They’re a regular and slightly unsettling feature of living in Wellington – those tremors that indicate the earth is on the move again.
They come without warning now that I’m no longer living with Frankie, the little Jack Russell, who used to start growling before the rest of us could feel the earthquake hit the city. Frankie was my early warning system.
Earthquakes occur on such a scale and so quickly that forewarning people of them is incredibly difficult even with the best technology. Tidal waves are easier – sensors at sea can detect the seismic shifts that cause them and send the alert to land, often minutes or hours before the waves roll ashore.
Any day now we may see one of New Zealand’s most sophisticated early warning systems in action. The Eastern Ruapehu Lahar Alarm Warning System on Mt. Ruapehu is designed to prevent anything like the disaster of Christmas Eve, 1953 when thousands of tonnes of water surged down the Whangaehu River taking out the Tangiwai railway bridge just before the Wellington to Auckland night express train arrived. Of the 285 people on board, 151 were killed when the train crashed into the swollen river.
How the multimillion dollar alert system works is laid out in the diagram opposite but it basically rests on an automated chain of communication designed to let the world know when the side of Mt. Ruapehu’s Crater Lake is about to give way.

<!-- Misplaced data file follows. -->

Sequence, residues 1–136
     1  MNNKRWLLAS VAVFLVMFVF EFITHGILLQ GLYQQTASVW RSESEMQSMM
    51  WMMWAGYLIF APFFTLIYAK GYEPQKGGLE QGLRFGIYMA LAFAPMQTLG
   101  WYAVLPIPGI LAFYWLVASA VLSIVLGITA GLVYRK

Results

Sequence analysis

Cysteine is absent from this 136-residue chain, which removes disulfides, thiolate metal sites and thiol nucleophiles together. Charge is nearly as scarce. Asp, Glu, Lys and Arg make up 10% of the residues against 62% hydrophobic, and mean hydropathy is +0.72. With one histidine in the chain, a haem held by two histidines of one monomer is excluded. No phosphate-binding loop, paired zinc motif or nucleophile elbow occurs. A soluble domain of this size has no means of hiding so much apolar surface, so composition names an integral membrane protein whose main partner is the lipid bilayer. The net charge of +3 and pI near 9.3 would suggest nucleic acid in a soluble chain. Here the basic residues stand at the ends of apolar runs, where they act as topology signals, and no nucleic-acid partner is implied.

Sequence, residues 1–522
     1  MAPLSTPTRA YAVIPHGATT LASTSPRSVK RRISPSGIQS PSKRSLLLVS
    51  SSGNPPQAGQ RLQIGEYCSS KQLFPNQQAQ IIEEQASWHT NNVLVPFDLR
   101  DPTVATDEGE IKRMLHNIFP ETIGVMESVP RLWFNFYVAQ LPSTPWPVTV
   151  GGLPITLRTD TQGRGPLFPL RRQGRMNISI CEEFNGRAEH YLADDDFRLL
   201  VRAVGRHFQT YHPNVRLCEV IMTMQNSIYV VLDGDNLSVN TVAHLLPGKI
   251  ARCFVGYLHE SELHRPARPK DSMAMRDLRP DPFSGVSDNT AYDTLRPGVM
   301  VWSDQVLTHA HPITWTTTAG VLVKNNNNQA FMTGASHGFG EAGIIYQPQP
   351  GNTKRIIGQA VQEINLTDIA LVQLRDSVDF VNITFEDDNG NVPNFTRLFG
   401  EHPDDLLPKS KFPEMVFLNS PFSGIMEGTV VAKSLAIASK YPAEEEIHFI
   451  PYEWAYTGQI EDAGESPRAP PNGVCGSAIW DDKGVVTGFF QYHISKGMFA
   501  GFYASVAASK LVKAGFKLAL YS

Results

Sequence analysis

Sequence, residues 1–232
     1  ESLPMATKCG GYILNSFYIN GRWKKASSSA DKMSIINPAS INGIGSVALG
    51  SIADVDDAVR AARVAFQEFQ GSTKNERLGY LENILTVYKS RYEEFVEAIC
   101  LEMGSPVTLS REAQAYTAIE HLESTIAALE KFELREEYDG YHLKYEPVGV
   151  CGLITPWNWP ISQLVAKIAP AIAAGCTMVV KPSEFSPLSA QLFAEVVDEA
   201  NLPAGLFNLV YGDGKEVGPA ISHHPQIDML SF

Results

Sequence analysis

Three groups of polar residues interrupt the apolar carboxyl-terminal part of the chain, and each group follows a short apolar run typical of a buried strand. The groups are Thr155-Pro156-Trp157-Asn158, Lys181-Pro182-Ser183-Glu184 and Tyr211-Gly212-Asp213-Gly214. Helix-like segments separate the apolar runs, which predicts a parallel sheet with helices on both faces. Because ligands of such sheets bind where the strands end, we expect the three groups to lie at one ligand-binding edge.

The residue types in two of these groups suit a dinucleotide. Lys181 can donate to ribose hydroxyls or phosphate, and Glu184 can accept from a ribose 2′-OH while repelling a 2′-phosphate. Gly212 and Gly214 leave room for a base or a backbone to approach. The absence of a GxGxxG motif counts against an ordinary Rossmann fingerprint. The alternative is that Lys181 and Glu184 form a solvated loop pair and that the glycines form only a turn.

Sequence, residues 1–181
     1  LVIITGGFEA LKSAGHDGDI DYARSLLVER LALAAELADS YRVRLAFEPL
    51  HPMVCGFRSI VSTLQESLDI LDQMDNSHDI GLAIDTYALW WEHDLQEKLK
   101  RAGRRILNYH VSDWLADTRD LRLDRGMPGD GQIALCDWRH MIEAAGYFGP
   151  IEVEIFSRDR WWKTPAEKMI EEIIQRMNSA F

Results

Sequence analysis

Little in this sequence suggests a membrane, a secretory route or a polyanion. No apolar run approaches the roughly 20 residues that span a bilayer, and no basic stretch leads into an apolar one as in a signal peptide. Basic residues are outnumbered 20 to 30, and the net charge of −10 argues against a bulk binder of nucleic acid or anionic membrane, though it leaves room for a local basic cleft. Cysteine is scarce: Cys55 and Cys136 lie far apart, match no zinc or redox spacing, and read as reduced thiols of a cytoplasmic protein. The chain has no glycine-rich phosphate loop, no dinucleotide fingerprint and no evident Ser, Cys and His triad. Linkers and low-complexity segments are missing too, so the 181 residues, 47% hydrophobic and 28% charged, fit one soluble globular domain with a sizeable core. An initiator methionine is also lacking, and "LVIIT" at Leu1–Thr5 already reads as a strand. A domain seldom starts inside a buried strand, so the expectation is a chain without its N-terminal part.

Vibration and lake level sensors in the Crater Lake and a “trip wire” sensor maintained by the Department of Conservation and Genesis Power are constantly sending information via radio links to Genesis computers at the Tokanuu Power Station. If the data coming in meet certain thresholds suggesting the Crater Lake is about to give way, alerts are simultaneously sent to the Police Communications Centre, Tranzrail and DOC scientists.
The public can get the alert at exactly the same time if they sign up to an innovative text message service being offered by the Ruapehu District Council and technology partner OPTN. Mobile users just need to text OPTNLAHAR to 2678. The service has a one-off cost of 50c to join up and 50c again to deregister by texting OPTXLAHAR to the same number.
As well as the big alert of the “dam break”, the service will also send out updates in its aftermath. The system is based on the same text-message Tsunami alert service operated in Tauranga Western Bay, Manawatu, Wiamate and South Waikato.
As the public are alerted, the police will be coordinating emergency services and Tranzrail will activate the road barriers on State Highway 1 and State Highway 49 as well as on the railway line stopping all traffic into the path of the torrent of mud and water pouring into the Whangaehu River.
The scientists expect the probability of the Crater Lake giving way again is around 50 – 60 per cent and rising, so there’s a good chance we’ll get to see the early alert system in action. Let’s hope it works in practice.